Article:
President Hutchinson went on to state that the Executive Committee made “one and only one” attempt to meet with the Board regarding the governance study. In fact there were many attempts to interact with the Board. Our formal letter of May 30 received no response. Written inputs from individual committee members received no response other than a courtesy acknowledgement of receipt. Chairman Haldeman met in-person only with president Hutchinson, having been informed that our president did not represent the opinions of the committee majority. One teleconference did occur during the last week in August, involving two trustees, but the committee was informed that the governance recommendations were essentially complete; there was no sit-down working session to consider alternatives. Shortly after the trustee decision was announced, several executive committee members made personal overtures to various Board members suggesting legal action would be held in abeyance, if the Board would postpone implementation of their plan during a mediation process. These overtures were rejected.

We hope the above provides clarification specific to the actions of the executive committee. On behalf of the entire Association, we encourage all alumni to participate in these elections, with an informed and thoughtful mind. A high turnout percentage will demonstrate the engagement of Dartmouth alumni in the College they love. A majority mandate, one way or the other, will be a major step towards a constructive future.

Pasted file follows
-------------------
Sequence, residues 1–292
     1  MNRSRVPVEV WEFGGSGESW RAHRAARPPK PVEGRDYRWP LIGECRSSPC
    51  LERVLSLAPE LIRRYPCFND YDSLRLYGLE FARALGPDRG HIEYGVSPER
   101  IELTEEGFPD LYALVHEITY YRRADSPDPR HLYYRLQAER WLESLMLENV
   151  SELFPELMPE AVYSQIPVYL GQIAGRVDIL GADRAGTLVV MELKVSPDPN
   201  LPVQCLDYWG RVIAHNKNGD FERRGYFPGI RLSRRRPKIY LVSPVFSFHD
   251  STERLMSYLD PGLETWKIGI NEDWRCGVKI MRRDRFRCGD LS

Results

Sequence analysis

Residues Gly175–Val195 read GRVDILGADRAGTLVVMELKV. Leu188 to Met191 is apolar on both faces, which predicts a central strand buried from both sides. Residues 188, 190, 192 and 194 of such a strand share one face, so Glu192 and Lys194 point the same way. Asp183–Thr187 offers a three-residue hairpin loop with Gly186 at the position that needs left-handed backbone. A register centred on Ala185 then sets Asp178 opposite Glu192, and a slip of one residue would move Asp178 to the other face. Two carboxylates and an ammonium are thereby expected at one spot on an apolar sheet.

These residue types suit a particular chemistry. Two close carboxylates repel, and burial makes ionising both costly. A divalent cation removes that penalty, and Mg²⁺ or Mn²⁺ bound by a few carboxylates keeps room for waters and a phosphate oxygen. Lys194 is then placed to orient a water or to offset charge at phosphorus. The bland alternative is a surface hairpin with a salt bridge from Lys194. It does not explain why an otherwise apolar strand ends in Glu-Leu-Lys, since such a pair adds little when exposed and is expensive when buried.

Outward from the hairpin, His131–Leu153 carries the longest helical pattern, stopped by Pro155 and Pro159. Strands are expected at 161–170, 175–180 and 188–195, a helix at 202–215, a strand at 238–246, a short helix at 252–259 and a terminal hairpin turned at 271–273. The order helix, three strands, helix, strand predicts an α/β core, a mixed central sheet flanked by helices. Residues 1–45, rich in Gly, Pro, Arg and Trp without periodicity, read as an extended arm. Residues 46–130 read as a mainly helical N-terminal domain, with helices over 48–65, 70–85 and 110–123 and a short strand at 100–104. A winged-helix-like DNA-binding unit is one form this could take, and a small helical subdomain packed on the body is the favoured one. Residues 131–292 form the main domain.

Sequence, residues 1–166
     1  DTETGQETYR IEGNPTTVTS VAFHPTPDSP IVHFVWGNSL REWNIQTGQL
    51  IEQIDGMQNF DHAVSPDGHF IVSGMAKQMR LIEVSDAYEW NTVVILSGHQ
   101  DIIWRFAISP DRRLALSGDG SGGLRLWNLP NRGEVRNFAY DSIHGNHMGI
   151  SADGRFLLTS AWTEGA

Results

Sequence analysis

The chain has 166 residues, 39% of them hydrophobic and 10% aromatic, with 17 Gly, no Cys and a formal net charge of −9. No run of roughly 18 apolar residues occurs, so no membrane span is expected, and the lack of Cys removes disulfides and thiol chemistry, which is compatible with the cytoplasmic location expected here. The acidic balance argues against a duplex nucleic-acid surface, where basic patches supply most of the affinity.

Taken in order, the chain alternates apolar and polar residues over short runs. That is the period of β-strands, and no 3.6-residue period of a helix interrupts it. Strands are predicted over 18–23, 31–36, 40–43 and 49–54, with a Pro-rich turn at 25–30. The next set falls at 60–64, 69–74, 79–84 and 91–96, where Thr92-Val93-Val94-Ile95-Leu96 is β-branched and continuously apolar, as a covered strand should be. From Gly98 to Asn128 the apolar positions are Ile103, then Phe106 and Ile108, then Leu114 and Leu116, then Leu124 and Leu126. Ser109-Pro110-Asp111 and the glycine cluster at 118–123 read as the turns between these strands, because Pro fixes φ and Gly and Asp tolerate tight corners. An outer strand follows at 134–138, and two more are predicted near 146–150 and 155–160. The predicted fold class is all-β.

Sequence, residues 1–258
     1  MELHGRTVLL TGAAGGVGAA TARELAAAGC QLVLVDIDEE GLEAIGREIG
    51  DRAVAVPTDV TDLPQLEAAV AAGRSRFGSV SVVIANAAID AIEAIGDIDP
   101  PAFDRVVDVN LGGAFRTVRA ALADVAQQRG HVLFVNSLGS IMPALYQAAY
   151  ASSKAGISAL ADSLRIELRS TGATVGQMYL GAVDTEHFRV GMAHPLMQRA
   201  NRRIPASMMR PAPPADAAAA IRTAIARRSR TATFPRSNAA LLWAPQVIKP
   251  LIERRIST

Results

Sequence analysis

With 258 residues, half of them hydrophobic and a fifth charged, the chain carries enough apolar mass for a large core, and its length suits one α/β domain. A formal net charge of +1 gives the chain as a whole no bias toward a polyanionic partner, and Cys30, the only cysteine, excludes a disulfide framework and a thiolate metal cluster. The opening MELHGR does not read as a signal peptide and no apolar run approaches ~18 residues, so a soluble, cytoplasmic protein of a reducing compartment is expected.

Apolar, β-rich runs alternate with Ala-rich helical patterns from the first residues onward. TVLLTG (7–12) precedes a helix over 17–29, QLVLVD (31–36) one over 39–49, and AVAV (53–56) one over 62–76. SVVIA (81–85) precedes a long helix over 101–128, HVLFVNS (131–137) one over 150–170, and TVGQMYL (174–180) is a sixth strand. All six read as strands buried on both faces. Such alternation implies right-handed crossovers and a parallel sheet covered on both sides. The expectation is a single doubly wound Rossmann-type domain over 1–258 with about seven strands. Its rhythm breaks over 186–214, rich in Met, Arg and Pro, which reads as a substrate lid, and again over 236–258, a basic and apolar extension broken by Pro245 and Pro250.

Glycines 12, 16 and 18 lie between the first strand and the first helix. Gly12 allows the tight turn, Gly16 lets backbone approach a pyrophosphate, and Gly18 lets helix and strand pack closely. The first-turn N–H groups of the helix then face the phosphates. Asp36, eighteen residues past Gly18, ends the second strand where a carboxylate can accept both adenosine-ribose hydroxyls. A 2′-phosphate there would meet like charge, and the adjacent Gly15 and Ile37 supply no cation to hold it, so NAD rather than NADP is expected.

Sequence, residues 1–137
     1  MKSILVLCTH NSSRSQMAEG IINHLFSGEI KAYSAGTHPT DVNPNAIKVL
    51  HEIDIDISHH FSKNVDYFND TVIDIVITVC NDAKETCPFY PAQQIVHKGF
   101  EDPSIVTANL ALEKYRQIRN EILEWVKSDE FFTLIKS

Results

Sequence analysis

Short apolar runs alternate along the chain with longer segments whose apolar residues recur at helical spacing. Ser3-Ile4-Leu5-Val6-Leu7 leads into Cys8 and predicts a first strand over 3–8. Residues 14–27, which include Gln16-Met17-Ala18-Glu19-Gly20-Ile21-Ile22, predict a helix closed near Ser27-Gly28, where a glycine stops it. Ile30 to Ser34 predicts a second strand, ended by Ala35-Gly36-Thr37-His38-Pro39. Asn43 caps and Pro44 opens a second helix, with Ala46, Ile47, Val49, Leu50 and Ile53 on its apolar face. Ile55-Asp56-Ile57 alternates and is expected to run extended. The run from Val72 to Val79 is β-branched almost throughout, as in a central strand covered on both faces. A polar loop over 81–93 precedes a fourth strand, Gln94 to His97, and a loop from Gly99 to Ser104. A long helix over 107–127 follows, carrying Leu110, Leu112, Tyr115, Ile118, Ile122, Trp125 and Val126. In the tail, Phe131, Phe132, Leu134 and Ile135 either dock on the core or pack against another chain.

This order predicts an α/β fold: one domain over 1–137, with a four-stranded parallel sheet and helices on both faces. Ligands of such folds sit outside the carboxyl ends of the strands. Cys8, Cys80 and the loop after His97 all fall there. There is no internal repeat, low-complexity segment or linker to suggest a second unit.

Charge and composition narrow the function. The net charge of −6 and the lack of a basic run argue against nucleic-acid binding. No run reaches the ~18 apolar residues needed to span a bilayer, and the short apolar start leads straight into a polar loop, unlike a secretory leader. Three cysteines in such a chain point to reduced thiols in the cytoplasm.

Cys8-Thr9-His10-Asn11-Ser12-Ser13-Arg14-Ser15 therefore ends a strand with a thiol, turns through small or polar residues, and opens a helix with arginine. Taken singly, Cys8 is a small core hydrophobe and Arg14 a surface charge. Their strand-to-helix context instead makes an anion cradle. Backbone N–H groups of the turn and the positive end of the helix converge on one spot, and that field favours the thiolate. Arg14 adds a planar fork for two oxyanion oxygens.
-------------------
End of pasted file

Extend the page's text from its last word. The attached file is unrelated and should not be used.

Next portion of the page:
Daily D: At Least We Are Not Charging You a Copyright Fee

Apparently the Daily D was doing all those outraged by the comic a favor. From a blog called Angry Asian Man:
Too bad the The Dartmouth charged them $437.40 to print the one-page ad. You think they'd give them a break, considering that it was The Dartmouth that made the idiotic mistake of printing the damn comic strip in the first place. Apparently, The Dartmouth even claimed they were doing them a favor by not charging a copyright fee for re-using the comic.
The ad, courtesy of Angry Asian Man, below the jump.